Babcock and Wilcox Technologies (BWXT) is the U.S. manufacturer of research reactor fuel. It has compared estimates of the costs for element fabrication with monolithic fuels to the costs for fabrication of the current HEU elements. These estimates assume that the yield of fuel foils is 88 percent and the yield of plates is 90 percent, the same yields currently achieved for HEU fuel (Argon, 2015). These yields have not yet been demonstrated for monolithic fuel.
A cost model was developed in 2012 to estimate the relative percentage increase in cost of fabrication of LEU fuel plates compared to the currently fabricated HEU plates. Notably, the model does not include the following:
- The cost of the cast U-10Mo received for processing (and therefore also excludes the cost of scrap associated with making the U-10M ingot).
- The cost of incorporation of any burnable absorbers (as will be needed, potentially, for HFIR fuel).
- Shipping costs.
- Waste costs.
- Any costs related to the transition from HEU plate production to LEU plate production.
The model was refined in 2014, taking into account the extended schedule for manufacturing the elements and new estimates of labor hours associated with the fabrication of plates from different coupon sizes. The resulting estimated changes in fuel fabrication costs are shown in Table 4.2. When viewing this table it is important to bear in mind that steps in the manufacturing process have not yet been finalized, leading to additional uncertainty in the overall relative costs of LEU fuel assemblies. Finally, questions remain about the fabrication of complex fuel for HFIR, arising particularly from the need to taper the foils and to incorporate burnable poisons into the fuel assemblies.
Two USHPRRs account for over 80 percent of BWXT’s research reactor fuel commercial volume. Orders for ATR and HFIR fuel assemblies are responsible for approximately one-half and one-third, respectively, of the current fuel fabrication activities for the USHPRRs (Meyer, 2006).30 The high volume of fuel utilization allows the fixed costs of USHPRR fuel manufacture to be spread over a larger number of total fuel plates than would be possible in the absence of these two reactors.31 In short, the future demand for LEU fuel assemblies for HFIR and ATR are expected to drive the economics of LEU fuel assemblies for the remaining USHPRRs. Without a qualified fuel for HFIR and ATR, the cost per fuel plate for the remaining three USHPRRs would be expected to increase dramatically. By contrast, if one or two of the other three USHPRRs were to employ a different fuel type, then it would not have a substantial cost impact on the other reactors (assuming they would be relying on monolithic fuel).
30 The HPRRs use (or plan to use) HEU fuel. The average annual amount of HEU feedstock at 93 percent 235U assay supplied to domestic, non-DOE reactors (MITR-II, MURR, and NBSR) over the past 10 years is approximately 20 kgU per year; this amount increases to approximately 210 kgU with the inclusion of DOE reactors (ATR, ATR-C, and HFIR). For foreign research reactors and isotope production customers (e.g., AECL-Canada, BR2 and IRE in Belgium, NRG in the Netherlands, RHF-ILL in France), the average annual amount, over the same 10-year period, is approximately 52 kgU at 93 percent 235U assay.
31 Written correspondence, Gunes Argon, August 5, 2015.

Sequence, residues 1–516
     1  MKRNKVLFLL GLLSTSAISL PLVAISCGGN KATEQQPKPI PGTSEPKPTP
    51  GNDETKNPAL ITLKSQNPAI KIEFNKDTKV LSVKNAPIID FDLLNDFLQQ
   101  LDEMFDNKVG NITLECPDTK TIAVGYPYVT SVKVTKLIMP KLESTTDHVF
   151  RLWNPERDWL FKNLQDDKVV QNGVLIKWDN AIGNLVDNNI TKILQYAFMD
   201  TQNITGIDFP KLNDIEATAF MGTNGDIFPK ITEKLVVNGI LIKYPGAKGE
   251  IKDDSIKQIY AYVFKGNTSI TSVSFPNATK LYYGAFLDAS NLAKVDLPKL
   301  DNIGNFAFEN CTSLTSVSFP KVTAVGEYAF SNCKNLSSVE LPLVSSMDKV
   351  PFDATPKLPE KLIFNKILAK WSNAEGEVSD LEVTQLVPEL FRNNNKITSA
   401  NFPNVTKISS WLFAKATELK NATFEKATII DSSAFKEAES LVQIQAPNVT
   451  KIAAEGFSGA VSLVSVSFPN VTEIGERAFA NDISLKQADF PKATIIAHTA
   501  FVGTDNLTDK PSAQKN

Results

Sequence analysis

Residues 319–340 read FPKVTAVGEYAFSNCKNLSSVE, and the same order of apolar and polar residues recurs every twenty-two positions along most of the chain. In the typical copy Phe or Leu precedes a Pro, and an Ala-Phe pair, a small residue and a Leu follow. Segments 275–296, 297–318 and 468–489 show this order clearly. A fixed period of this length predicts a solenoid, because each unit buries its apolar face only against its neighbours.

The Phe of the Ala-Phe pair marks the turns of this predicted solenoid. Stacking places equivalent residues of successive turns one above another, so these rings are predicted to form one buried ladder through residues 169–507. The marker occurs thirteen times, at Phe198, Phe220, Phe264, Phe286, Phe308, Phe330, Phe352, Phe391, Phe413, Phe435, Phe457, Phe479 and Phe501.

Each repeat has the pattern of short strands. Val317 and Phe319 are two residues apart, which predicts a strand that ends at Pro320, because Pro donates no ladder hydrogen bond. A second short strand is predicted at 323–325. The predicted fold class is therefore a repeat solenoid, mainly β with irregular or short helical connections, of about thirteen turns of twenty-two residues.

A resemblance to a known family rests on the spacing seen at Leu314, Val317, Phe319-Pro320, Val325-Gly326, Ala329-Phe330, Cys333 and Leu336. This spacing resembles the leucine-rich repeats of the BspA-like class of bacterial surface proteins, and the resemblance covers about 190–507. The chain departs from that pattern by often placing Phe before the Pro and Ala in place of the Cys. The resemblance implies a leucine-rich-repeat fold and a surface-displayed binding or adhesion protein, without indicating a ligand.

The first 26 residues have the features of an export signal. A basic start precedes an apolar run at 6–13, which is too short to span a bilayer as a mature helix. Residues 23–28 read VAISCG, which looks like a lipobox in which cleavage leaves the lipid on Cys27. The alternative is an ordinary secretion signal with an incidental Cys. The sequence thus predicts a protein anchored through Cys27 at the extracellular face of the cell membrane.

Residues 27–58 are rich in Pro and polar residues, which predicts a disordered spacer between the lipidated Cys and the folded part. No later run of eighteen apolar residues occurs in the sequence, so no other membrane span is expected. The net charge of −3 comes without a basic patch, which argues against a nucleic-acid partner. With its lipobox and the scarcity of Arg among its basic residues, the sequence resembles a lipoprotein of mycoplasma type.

TABLE 4.2 BWXT Fabrication Cost Estimates for U-10Mo Monolithic Fuel Assemblies for the USHPRRs
|Reactor||2012 Estimate of Cost Increase over HEU (%)||2014 Estimate of Cost Decrease over 2012 Estimate (%)||Calculated 2014 Estimate of Increase over HEU (%)|
a Because of the complex geometry of the HFIR fuel and the lack of manufacturing development to date, it is roughly estimated that HFIR foil manufacturing will take twice as long as the current manufacturing process.
b The decreased projected cost for MITR-II fuel assemblies may be due to simplification in its fuel assembly design. There are large uncertainties in the values of these numbers (see text for more details).
SOURCE: Data from Argon (2015).
The decision to develop monolithic UMo fuel has introduced a number of manufacturing challenges, particularly the following:
- Whereas dispersion fuels makes it possible to achieve different uranium densities by incorporating different volumetric fractions of fuel powder in the matrix (up to a practical limit), monolithic foils have a fixed uranium density. Similar design goals can be achieved by varying the thickness of the UMo foils in the monolithic plates.
- The manufacturing of monolithic fuel plates, including thin foils, barrier layers, and cladding, poses novel challenges compared to existing reactor fuels for even the basic fuel configuration and more extreme challenges for the complex fuel required by HFIR.
- Given the increased complexity in the manufacturing processes required for monolithic fuel, the yield assumptions being used in estimating fuel costs, at least initially, are likely to be overly optimistic.
ASSESSMENT OF PROGRESS TO DEVELOP LEU FUEL
The previous sections have discussed worldwide fuel development programs, including UMo dispersion and monolithic LEU fuels. Table 4.3 summarizes the committee’s conclusions regarding the progress toward delivery of a variety of high-density LEU fuels, including the key steps of
TABLE 4.3 Assessment of Availability of Committee-Selected LEU Fuels
|U3Si2 4.8 gU/cm3||U3Si2 5.8 gU/cm3||UMo (Dispersion) Low Power Density (<17 kW/cm3)||UMo (Dispersion) High Power Density (>17 kW/cm3)||UMo (Monolithic)|
|Fuel qualification: Has the LEU fuel been qualified under irradiation? Y = yes, N = no||Y||N||a||N||N|
|Manufacturing qualification: Has the manufacturing process for the LEU fuel been qualified? Y = yes, N = no||Y||b||N||N||N|